CHARLESTON, W.Va. — The trio of U.S. Marines brought down the flag and took care to fold it, despite the crowd that had converged on the embassy.
There had been a brief discussion at the flagpole, where they were surrounded by 1,000 or more Cubans. Do we have time to properly fold the flag? one Marine asked. Hell yes!
Nearby, the Atlantic Ocean battered the seawall that buttressed Havana’s coastal highway, the Malecon — the northern boundary of the U.S. Embassy in Cuba. The Marines — specially trained Marine Embassy Guards — turned their backs to the sea and marched the American flag across the patio toward the embassy’s front entrance. They wore white caps and gloves, khaki shirts with matching ties, white belts, blue trousers and black shoes, spit-shined. They each carried a .38-caliber pistol.
As they ascended a short flight of steps leading to the entrance, a Cuban blocked Cpl. Larry Morris’ path.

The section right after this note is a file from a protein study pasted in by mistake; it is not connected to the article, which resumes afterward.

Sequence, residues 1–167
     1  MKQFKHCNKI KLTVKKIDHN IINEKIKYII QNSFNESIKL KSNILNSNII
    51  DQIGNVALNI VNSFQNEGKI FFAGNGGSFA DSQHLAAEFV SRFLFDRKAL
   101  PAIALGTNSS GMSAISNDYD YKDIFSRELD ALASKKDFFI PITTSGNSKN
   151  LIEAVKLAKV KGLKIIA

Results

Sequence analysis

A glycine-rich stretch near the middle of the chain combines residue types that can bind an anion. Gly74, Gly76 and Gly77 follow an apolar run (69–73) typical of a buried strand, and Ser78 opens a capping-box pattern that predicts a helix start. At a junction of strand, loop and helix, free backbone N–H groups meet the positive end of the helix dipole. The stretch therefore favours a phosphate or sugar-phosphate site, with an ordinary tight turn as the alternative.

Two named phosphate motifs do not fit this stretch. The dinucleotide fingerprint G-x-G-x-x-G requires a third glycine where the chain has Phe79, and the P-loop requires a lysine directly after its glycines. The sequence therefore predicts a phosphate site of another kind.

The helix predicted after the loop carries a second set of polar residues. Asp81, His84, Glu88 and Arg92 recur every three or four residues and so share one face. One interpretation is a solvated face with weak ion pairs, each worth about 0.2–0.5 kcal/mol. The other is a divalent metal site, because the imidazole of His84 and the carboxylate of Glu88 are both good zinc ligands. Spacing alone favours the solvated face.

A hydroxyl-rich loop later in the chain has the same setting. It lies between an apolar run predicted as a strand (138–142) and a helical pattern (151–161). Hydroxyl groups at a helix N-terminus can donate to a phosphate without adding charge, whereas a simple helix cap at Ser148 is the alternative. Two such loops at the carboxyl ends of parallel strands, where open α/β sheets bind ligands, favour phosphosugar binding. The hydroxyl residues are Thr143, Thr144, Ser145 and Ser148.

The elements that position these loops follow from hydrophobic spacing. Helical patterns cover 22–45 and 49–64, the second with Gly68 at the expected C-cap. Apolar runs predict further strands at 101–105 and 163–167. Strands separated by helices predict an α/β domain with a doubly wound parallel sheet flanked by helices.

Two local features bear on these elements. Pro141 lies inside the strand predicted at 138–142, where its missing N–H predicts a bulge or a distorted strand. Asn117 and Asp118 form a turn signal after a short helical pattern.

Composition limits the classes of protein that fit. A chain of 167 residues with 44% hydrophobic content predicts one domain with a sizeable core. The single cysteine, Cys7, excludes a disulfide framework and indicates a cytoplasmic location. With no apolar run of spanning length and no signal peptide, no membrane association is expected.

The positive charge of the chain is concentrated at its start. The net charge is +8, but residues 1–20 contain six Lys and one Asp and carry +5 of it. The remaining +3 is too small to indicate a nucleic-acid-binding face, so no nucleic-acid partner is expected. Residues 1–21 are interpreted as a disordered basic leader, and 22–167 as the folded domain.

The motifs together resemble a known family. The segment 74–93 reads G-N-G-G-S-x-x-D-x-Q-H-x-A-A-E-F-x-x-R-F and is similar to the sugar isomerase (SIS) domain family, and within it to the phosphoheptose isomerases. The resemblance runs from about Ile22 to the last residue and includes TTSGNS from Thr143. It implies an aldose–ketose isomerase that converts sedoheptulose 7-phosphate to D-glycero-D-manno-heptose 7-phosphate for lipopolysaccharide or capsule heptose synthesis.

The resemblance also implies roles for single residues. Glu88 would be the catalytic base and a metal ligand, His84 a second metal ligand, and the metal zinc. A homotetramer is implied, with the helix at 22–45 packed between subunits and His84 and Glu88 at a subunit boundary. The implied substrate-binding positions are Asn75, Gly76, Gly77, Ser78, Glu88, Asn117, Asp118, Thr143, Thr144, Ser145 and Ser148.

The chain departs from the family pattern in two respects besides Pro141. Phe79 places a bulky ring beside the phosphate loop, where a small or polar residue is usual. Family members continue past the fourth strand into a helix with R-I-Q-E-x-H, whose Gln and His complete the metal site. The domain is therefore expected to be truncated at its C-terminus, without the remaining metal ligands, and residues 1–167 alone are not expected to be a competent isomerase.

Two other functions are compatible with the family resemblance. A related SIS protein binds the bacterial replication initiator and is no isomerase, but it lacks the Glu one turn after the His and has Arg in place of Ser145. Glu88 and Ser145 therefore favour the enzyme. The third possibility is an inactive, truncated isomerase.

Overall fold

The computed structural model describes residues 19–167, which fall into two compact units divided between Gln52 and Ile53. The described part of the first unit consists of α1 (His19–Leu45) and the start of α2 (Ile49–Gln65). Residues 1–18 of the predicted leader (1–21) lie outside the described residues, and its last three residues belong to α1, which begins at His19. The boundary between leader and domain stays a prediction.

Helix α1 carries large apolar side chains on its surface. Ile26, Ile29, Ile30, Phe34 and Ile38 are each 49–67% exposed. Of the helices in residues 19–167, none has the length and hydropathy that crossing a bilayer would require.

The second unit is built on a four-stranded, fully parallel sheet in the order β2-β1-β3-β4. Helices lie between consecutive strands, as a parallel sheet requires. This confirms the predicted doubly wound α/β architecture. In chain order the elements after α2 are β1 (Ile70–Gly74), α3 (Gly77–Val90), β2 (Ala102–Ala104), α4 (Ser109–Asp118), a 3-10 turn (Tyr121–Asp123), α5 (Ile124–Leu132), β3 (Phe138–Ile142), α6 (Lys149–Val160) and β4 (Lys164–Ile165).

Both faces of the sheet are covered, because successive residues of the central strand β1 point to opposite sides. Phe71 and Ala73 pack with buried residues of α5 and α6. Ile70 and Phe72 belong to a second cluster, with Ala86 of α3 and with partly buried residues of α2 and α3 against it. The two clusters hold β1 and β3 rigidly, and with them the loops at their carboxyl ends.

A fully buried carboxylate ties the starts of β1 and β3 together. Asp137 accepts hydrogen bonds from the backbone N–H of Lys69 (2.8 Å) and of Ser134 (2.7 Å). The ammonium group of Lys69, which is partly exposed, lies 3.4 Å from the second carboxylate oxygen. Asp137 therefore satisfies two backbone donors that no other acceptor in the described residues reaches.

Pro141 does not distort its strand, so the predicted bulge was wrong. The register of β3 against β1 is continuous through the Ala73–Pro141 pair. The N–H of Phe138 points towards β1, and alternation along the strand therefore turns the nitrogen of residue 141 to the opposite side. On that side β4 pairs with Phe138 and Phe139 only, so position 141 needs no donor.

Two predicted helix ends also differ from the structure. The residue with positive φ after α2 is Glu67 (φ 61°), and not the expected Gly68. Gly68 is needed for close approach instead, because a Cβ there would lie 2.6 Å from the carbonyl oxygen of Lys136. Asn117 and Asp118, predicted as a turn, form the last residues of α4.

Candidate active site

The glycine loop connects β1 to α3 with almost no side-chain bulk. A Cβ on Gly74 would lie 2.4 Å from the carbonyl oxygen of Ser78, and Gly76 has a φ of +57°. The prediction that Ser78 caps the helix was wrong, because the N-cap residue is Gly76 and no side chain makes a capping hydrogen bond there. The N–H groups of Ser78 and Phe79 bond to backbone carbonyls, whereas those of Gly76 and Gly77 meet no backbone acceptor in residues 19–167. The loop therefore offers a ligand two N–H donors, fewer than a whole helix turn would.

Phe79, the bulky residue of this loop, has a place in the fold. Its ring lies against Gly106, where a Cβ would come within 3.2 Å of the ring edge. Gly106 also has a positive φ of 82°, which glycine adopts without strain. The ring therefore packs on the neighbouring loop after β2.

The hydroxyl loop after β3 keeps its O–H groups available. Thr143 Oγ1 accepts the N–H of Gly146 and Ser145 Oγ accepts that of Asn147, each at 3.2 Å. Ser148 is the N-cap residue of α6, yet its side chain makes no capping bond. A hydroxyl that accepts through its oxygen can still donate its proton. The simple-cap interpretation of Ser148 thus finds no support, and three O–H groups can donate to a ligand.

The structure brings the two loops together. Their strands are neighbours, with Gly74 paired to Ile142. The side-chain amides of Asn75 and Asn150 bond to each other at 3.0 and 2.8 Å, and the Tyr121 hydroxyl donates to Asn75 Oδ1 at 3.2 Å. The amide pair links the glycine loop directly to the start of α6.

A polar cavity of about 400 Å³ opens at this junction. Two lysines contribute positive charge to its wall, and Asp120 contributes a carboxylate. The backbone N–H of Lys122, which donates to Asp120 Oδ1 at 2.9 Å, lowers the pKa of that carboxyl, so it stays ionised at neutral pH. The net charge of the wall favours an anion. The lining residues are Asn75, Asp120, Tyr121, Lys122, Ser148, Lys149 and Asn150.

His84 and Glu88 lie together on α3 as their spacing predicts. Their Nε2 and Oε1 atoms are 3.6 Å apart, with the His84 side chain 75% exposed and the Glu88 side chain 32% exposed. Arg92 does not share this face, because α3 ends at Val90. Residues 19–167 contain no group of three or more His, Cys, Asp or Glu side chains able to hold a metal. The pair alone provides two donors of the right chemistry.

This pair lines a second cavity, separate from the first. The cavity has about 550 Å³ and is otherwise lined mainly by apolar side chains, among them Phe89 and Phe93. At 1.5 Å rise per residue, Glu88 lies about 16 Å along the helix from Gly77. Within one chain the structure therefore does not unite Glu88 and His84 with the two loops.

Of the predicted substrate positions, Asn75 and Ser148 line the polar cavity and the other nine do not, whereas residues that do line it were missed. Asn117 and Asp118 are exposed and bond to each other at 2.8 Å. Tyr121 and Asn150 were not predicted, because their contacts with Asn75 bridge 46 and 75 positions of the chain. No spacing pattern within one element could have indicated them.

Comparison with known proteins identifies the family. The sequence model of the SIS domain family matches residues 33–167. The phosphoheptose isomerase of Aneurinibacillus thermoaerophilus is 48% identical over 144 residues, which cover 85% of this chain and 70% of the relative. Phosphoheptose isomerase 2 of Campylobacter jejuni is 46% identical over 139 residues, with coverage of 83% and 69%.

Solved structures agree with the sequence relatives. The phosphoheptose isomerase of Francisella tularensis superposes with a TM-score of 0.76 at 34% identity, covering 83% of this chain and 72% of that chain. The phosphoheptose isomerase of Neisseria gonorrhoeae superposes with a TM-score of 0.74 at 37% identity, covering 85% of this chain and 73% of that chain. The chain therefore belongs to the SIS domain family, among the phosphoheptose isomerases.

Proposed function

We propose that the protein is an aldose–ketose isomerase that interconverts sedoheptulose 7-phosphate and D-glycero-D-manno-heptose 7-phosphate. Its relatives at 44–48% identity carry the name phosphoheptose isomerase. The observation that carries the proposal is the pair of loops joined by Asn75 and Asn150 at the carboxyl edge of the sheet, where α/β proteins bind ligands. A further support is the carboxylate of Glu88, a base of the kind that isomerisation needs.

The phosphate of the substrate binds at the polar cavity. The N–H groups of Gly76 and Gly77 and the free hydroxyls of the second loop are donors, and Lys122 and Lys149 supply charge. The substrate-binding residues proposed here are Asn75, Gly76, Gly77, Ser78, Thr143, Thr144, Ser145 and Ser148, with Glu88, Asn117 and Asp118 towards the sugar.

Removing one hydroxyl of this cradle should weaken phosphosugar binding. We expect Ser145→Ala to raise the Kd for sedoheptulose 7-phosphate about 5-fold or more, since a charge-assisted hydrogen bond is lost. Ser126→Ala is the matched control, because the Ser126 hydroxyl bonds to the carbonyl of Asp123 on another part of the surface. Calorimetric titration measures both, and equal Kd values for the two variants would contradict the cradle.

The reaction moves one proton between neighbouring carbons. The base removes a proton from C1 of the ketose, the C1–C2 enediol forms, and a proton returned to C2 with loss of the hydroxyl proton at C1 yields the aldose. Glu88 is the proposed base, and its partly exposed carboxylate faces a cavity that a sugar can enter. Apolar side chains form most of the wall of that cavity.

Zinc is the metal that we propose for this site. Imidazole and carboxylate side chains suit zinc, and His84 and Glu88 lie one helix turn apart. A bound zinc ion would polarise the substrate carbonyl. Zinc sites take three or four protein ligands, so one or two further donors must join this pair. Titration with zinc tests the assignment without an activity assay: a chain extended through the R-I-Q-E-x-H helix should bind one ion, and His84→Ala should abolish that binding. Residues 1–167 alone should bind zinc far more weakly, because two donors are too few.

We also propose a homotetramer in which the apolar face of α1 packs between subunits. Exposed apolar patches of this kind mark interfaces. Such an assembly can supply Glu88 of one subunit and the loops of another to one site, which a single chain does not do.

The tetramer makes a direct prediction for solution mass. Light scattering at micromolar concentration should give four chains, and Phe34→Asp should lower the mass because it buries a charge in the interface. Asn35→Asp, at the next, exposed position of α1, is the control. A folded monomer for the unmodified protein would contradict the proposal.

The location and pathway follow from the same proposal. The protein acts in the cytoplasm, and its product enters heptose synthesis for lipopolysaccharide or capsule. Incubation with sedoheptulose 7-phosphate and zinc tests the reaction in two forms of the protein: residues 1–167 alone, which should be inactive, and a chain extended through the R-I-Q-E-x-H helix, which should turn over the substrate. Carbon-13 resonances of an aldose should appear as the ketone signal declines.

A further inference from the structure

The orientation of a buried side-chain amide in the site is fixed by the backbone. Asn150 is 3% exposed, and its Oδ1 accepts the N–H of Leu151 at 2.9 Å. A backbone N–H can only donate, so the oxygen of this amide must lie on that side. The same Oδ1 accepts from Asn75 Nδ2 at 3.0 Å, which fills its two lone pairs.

“I had to get him out of my way,” Morris said, sitting in his Huntington kitchen last month — 54 years after he lowered the flag when the embassy closed in January 1961, after the United States severed diplomatic ties with Cuba.
“So I just give him the shoulder block,” Morris said, his words booming as if spoken through a bullhorn, from a throat filled with wet gravel. “I must’ve hit him pretty good,” he said, with a brief look of concern.
As he told the story, he cocked his right arm 90 degrees at the elbow and thrust it upward to demonstrate the move. His bicep — that of an athlete much younger than 75 — bulged beneath tan, sun-weathered skin.
“We brought the flag in and marched it down the hallway, into the Marine office,” Morris continued. “I said, ‘I gotta go out there and check that guy — I know I cracked him pretty damn good.’ ”
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The last time Larry Morris was in Cuba, he was destroying classified material and evacuating the U.S. Embassy. He was scheduled to fly to Havana early this morning to take part in a special ceremony, where the American flag will be hoisted atop the embassy flagpole for the first time since Morris helped take it down on Jan. 4, 1961…